February 24, 2014
Early last week, the first hearing for the apparently terrorist “Marriott Cell” in Cairo was heard. If that sounds bizarre to you, it ought to. Two journalists, an Egyptian-Canadian dual national called Mohammad Fadel Fahmy, and an Australian national, Peter Greste, who works with Al-Jazeera English, were detained from that hotel. They are, it “seems,” in league with terrorists. In other news, it also “seems” that the moon is made of Swiss cheese. Regardless, the case raises a few points of some importance.
The case was adjourned till March 4, at which point, journalists in Egypt and around the world continue to hope the case will be dismissed. Or at least, the journalists will be allowed release on bail – because, frankly, is any journalist offense worth jail time anyway? Al-Jazeera has already admitted that the accreditation documents were not fully in order for these journalists – fine. Is that an offense that deserves detainment while further investigation continues? How, precisely, did the case go from that to one that relates to charges of terrorism and so forth? Even an exceedingly pro-government Egyptian TV presenter, Lamis Hadidi, raised that point – if she, who cannot exactly be accused of being pro-Al-Jazeera, can see something wrong with this picture, surely everyone ought to be able to as well?
Indeed, many do see something wrong with the picture – including within the Egyptian government. The case is embarrassing Egypt tremendously internationally – which may explain why the Ministry of Foreign Affairs appeared to facilitate the quick departure of a Dutch journalist who was put on the same charge sheet as these Al-Jazeera journalists. Her sole contact, it seems, with them was a single meeting in December, where she met with Fahmy to discuss Sinai, as he is an expert on the peninsula. Seems something of a stretch to get to anything relating to terrorism from that, but I digress.
If regulations have been broken in some way, then fines can be levied after appropriate investigations. If media stations breach an official media code of ethics that demands due impartiality, then they can be reprimanded, or taken off the air until it is shown they have taken appropriate measures. If programs have broken the law, then a media ombudsman can censure them, for example. But detention? Imprisonment? (Incidentally – one suspects that if this kind of code were implemented across the board in Egypt, any such ombudsman might be working, ahem, overtime).
There is a campaign underway to encourage solidarity with the journalists – within the country, and abroad. It is admirable, and inspiring to see members of the journalistic profession from across the world stand by others of their vocation who have been detained, particularly in conditions such as what has been reported. Some of the detained journalists were being held in the same quarters as radical militants, for example – they also complained of being denied appropriate medical attention as well as the minimum of living necessities.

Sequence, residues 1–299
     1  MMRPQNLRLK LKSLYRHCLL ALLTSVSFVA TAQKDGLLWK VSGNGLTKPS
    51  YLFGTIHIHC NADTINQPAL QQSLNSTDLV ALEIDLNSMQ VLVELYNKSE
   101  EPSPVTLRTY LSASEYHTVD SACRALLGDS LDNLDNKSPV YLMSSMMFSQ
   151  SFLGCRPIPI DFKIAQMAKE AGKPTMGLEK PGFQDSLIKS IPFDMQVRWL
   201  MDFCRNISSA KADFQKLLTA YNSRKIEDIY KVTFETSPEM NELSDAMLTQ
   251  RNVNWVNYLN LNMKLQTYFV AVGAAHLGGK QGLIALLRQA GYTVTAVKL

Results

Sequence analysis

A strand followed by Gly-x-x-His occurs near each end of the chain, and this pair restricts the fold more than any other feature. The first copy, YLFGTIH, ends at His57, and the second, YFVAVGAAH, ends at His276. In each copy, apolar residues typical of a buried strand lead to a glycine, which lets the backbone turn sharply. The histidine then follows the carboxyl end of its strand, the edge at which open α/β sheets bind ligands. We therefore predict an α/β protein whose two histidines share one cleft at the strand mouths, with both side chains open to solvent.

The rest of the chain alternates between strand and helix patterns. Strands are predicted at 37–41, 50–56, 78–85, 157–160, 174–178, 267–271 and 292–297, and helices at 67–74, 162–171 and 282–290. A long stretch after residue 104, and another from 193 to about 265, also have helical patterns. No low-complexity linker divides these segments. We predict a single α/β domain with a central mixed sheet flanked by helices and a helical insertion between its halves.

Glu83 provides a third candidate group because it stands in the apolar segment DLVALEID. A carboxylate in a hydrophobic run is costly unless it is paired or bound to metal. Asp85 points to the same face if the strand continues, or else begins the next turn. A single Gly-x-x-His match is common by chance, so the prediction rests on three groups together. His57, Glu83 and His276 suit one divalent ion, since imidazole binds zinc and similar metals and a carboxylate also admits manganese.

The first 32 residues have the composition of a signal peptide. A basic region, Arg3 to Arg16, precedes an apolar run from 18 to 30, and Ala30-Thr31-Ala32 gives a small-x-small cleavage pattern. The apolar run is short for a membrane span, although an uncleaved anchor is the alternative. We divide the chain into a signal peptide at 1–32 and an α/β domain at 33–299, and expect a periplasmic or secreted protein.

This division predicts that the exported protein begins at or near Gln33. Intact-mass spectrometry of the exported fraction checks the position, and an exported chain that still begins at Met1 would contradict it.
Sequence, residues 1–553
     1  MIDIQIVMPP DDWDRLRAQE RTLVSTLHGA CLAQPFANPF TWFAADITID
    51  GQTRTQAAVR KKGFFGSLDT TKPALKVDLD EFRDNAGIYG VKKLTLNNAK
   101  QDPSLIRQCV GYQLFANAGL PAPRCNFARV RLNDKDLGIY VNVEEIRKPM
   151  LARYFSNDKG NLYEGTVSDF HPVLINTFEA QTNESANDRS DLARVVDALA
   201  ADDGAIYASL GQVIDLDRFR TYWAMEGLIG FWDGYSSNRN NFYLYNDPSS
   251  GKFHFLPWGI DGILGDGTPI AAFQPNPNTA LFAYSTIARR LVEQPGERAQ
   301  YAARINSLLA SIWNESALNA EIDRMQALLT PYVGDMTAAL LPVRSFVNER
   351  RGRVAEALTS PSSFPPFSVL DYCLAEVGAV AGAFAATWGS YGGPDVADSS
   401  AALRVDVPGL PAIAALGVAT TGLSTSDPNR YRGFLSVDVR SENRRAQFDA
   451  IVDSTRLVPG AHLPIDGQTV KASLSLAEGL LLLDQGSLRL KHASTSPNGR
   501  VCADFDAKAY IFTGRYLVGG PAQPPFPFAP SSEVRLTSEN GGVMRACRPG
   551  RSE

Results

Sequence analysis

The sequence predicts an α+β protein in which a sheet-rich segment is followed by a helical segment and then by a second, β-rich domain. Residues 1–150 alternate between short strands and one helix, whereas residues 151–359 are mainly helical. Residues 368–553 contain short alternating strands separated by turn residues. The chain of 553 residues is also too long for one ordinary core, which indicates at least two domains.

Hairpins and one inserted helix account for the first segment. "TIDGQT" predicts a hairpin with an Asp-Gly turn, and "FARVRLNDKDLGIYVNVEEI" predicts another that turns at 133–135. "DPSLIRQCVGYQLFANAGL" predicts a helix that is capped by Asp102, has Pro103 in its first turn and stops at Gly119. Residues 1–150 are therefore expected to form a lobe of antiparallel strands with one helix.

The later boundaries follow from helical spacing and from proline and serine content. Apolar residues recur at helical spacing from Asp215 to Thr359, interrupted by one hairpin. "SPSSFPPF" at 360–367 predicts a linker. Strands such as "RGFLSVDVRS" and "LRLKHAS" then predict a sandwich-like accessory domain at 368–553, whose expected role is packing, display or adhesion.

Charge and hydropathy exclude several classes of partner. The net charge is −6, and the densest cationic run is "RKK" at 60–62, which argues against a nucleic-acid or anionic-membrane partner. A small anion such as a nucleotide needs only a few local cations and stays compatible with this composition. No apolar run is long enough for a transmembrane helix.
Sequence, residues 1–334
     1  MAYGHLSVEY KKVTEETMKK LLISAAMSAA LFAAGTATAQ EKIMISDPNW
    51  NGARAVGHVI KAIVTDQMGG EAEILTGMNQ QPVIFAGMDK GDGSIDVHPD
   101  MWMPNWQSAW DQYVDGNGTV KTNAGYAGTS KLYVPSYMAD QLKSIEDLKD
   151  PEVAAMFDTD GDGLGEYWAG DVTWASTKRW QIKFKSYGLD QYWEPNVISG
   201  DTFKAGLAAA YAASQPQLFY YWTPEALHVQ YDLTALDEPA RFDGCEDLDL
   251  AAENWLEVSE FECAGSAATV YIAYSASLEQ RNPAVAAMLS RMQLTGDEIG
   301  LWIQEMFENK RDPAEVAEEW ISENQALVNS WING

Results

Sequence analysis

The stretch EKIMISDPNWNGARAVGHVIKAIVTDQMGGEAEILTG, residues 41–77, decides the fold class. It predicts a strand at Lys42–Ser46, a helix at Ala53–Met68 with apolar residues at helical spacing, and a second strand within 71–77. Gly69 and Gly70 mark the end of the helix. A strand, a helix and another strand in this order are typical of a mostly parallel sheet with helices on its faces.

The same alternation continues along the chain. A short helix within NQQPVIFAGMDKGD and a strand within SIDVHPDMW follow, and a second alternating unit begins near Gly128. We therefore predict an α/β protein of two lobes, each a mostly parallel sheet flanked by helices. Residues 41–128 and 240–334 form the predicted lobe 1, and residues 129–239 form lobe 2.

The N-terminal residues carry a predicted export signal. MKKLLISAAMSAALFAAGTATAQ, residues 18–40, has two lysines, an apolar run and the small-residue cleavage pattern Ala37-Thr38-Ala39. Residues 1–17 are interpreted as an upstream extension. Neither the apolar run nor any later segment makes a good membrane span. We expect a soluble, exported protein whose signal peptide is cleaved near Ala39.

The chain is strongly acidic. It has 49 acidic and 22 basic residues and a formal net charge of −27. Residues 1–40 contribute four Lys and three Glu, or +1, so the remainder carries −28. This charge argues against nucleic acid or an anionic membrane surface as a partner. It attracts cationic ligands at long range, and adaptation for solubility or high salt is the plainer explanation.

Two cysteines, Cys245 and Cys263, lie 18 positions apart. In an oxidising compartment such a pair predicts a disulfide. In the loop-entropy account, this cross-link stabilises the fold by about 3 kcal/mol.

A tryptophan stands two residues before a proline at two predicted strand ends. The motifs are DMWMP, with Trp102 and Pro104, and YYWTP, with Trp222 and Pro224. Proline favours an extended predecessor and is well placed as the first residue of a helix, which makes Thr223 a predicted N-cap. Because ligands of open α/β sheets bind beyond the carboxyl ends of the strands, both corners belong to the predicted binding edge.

The campaign does suffer from two critical weaknesses. The first is that the international campaign tends to focus on Peter Greste – to the exclusion of others. One needn’t read bad intentions into that – but non-Egyptian Greste has become for far too many the face of this campaign, rather than all of those who are detained. The fear is that, should Greste be released, as the international journalist, the campaign’s impetus might dramatically decrease. Moreover, the international campaign tends to focus on the Al-Jazeera journalists, although most of those facing charges are not Al-Jazeera staff members. The campaign needs focus on ensuring that all journalists can do their jobs without fearing detention or imprisonment – regardless of nationality, and regardless of what station they work for. (Incidentally, international correspondents in Egypt tend to appreciate this point very well – and have consistently drawn attention to all of those detained.)
Two steps back
Secondly, with regards to al-Jazeera in particular – the station, unfortunately, shoots the campaign in the foot every time it allows sectarianism or incitement to be shown on its channels without challenge. This rarely happens on the English station, but it does take place far more commonly on the Arabic channels – even from hosts. Just as a very recent example: in response to the news that a political party in Egypt recently elected a Christian as its head, a host from Al-Jazeera Mubashir Masr, Alaa Sadek, announced this was evidence of a “conspiracy” and “war” against Islam. This kind of discourse should not be allowed from guests on a TV show without incredible challenge from the host – when it comes from the host itself, it is despicable, and ought to be reprimanded by the station’s management, publicly. This type of unacceptable conduct can never be deemed to be acceptable – whether journalists are detained or not. But every time any part of the Al-Jazeera network allows such reprehensible behaviour, it will, invariably damage this solidarity campaign – and the journalists behind bars will, even though they shouldn’t, pay the price.
One ought to be clear about this case. No journalist, anywhere, ought to expect to be detained and imprisoned as a result of doing their jobs. Period: no if’s or but’s. As two of the journalists said themselves: journalism is not terrorism. It never will be – and all journalists unjustly detained ought to be able to say that openly, freely and with their families. Today.
Source: Al Arabiya
Dr. H.A. Hellyer, non-resident fellow at the Brookings Institution, the Royal United Services Institute, and ISPU, previously held senior posts at Gallup and Warwick University. Follow him on Twitter at @hahellyer.